Some of the Craziest and Weirdest 2021 Crypto Projects

Some of the craziest and weirdest 2021 crypto projects

The year 2021 will go down in history as one of the most tumultuous in the history of cryptocurrency. Bitcoin has gone from being illegal money in El Salvador to being accepted as lawful tender throughout the nation by China’s government.

From a Buenos Aires hacker home to the growth of DeFi and low-cost commerce in Southeast Asia, Rest of World has been documenting the global effect of cryptocurrency over this past year. This ethereum trading website is one of the most reputable Bitcoin investment platform on the internet.

Coinbase and Square, two of the most popular cryptocurrency exchanges, enable users to buy and transfer virtual currency as presents, making it a feasible option for virtual stocking stuffers. Keeping this in mind, we’ve put together a list of some of the most outlandish and risky initiatives we’ve seen while covering the industry. We don’t suggest buying them, but if their value soars by a factor of a million in the following three months, please accept our apologies.

2021 Crypto Projects

  • Squid

The “rug pull” fraud involves developers creating a new cryptocurrency token based on an existing one, such as Ether or Binance Coin, and then selling it on an unregulated market. Instructional: The tale of the squid coin is educational. Then, on well-known channels like Telegram and Discord, they spread the word about the token and encourage others to acquire it, with the hope that its value would rise.

All of the pooled cash used to buy the tokens will be gone as soon as users start exchanging their crypto for them. So the token now has no value. Because it was inspired on the famous Korean Netflix drama about a dystopian reality show that pitted participants against one another in a deadly competition supervised by corporate authorities, the Squid coin was an immediate success.

  • Omicron

Squid-like hype cycles may not be necessary for cryptocurrencies. They often stay in the shadows, hoping for the best. They’re not alone. A new strain of Covid-19 with the same Greek name was published by researchers in South Africa barely a few weeks after the release of Omicron.

Since Omicron and other nickname coins are only available on SushiSwap, there is no other place to buy them. Previously, it was being sold for about $65, before the WHO announcement. This new worldwide health issue caused an increase in the value of Omicron coins by 900 percent in late November.

Using the Covid-19 variant as an example, we discovered that the value of crypto currencies may be as random and unpredictably fluctuating as the next.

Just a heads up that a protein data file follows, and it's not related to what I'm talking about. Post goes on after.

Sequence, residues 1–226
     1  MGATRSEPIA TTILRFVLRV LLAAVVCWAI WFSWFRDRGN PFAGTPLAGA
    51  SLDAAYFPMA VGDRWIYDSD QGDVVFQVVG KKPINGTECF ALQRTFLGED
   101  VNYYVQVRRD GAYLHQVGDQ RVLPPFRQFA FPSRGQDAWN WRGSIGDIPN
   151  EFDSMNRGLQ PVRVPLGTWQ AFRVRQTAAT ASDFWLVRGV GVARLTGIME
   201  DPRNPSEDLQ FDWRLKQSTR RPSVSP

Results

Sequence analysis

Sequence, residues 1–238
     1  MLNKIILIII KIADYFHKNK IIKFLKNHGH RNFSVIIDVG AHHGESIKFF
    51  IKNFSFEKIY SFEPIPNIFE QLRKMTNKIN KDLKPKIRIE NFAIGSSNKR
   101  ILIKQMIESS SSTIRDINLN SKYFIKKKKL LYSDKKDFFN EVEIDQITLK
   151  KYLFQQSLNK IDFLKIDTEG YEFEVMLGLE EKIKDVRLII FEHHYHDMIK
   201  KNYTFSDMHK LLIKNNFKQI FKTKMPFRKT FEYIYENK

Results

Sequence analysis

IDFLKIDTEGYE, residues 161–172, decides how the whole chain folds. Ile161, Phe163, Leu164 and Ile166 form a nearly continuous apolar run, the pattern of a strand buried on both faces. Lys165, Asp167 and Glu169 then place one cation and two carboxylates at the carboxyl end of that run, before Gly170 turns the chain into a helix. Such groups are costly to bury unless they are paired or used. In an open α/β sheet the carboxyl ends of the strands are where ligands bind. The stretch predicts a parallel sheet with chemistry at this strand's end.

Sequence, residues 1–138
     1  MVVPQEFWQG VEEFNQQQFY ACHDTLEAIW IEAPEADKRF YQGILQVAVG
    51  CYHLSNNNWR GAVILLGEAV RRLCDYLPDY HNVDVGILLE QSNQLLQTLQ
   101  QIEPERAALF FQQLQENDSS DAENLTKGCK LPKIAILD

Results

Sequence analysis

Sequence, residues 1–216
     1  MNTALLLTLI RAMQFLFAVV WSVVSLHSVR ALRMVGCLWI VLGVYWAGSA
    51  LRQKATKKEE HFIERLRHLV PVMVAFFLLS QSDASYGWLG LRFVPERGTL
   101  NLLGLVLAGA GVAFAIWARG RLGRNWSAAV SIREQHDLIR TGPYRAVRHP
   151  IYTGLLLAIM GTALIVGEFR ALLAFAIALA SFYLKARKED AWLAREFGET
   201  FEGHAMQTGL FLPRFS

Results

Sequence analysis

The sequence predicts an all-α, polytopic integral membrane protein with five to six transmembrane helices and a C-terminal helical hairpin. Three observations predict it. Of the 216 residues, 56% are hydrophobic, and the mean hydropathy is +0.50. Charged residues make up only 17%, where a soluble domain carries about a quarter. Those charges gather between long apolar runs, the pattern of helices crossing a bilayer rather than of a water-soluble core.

• Floki Inu

It was Elon Musk’s “Dogefather” tweet that made him the “father of Dogecoin,” and he referred to himself as such in the tweet. Because it was founded and promoted as a parody, Dogecoin has grown to be the most valuable meme currency in the world. Because of their high volatility and lack of technical functionality, they’ve been dubbed “shitcoins” (and wealthy).

In light of Tesla CEO Elon Musk’s influence, the viral success of Dogecoin seems unsurprising. His sponsorship of the Floki Inu money for 2021 couldn’t have been more ironic. Elon Musk’s favorite canine friend was named after him by the team. A spike in interest in him will occur as soon as he tweets about his new pet.

During the month of September, the Floki coin’s value increased 400% when Musk shared a photo of his new dog. The “Floki Vikings” have a passionate fanbase, and it also has its own NFT gaming Metaverse and “Floki Inuversity,” a crypto education platform.

  • Worldcoin

You may keep the greatest for last if none of the others fulfil your need for a “harebrained thought inspired by an 80s awful sci-fi movie.” According to Y Combinator grad Sam Altman, a universal basic income would make the international economy “more logical and egalitarian.” This is his vision. Well-known investors like Andreessen Horowitz have pledged a whopping $25 million to the fund.

In order to provide a share to everyone on Earth, the firm would likely have to travel the planet with a basketball-sized ball and photograph everyone’s eyes. June saw the shipment of a number of prototypes to sites in South America and Asia (including China), Africa and Europe.

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